Little Rock, Arkansas-based compounding pharmacy, Cantrell Drug Company, and its Chief Executive Officer and co-owner James L. McCarley Jr., were slapped with a consent decree prohibiting them from manufacturing, processing, packing, holding or distributing pharmaceuticals until they comply with federal regulations. The consent decree was entered by U.S. District Judge Kristine G. Baker for the Eastern District of Arkansas on behalf of the Food and Drug Administration (FDA).
“We will continue to take action against compounders who produce drugs under substandard conditions and put the health of patients at risk,” said FDA Commissioner Scott Gottlieb, M.D.
The complaint alleged that Cantrell made and distributed drug products – including injectable opioids and antibiotics – that were purportedly sterile, but were made under insanitary conditions and in violation of current Good Manufacturing Practice requirements. This called into question whether may have become contaminated with filth or rendered dangerous to health.
Under the consent decree, Cantrell must stop operations until it complies with corrective actions, including hiring a qualified independent expert to inspect its facility to ensure the company is complying with the Federal Food, Drug and Cosmetic Act and current Good Manufacturing Practice requirements. The company cannot resume operations until it receives authorization from the FDA.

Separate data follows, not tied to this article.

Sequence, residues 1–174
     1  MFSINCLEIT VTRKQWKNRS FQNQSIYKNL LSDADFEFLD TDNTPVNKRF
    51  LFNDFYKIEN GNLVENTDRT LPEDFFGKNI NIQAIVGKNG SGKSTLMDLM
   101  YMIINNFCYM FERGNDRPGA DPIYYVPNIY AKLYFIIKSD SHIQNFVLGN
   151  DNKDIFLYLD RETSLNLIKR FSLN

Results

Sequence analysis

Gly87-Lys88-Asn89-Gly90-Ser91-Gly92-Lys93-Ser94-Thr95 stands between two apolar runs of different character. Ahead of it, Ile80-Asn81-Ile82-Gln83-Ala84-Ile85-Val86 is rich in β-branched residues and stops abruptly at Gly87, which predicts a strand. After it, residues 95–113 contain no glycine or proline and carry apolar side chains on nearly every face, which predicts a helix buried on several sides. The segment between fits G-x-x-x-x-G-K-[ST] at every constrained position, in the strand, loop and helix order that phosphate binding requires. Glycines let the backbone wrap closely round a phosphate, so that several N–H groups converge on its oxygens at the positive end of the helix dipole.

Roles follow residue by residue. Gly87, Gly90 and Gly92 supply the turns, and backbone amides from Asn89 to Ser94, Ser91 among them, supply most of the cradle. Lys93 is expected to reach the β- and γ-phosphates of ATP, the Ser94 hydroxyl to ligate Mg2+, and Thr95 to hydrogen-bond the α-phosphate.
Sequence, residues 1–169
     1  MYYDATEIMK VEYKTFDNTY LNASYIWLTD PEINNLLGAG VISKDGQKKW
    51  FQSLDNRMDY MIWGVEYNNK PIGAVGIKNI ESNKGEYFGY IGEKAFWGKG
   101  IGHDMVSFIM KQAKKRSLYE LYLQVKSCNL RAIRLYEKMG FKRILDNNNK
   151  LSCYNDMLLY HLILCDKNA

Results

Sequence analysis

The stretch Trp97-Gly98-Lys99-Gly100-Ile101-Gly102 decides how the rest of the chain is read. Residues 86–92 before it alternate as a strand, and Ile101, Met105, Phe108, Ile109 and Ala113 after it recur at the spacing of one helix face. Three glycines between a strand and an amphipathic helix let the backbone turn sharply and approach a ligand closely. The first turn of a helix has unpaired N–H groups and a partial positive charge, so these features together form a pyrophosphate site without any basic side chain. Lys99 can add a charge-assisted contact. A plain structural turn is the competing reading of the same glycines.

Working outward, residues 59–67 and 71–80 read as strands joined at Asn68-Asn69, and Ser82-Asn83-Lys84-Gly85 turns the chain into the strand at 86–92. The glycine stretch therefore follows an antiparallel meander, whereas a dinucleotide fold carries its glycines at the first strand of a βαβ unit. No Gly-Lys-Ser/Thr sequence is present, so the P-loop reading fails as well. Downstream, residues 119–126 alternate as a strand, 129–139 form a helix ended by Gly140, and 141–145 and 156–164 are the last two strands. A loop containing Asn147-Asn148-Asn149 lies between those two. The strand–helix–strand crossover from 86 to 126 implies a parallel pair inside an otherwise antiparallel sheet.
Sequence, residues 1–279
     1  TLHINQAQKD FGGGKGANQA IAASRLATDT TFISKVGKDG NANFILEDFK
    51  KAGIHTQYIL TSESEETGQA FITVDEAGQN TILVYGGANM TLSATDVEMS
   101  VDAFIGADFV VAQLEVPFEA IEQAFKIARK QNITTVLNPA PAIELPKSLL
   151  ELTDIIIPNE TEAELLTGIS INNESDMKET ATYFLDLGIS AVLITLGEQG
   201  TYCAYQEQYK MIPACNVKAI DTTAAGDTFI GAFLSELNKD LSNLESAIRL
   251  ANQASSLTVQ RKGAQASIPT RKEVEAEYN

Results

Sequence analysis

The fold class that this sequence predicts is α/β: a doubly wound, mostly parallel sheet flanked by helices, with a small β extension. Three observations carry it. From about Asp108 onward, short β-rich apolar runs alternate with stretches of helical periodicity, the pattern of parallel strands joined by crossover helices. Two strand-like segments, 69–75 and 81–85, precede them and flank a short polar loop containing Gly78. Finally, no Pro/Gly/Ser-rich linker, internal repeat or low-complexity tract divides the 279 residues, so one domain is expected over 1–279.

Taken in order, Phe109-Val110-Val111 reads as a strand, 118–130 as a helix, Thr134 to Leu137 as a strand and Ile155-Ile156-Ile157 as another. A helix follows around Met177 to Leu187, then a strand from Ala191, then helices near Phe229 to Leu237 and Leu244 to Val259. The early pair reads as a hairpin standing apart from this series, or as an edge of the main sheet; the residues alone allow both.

The action comes a month after the FDA warned consumers and health care providers not to use drug products made by Cantrell Drug Company because sterility of the products was in question.
Cantrell is an outsourcing facility, a newly added section that compounding pharmacies can elect to register for. But this classification requires these companies to comply with federal requirements, be inspected by the FDA according to a risk-based schedule, and meet certain other conditions, including reporting adverse events and providing the FDA with certain information about the products they compound.
FDA News Release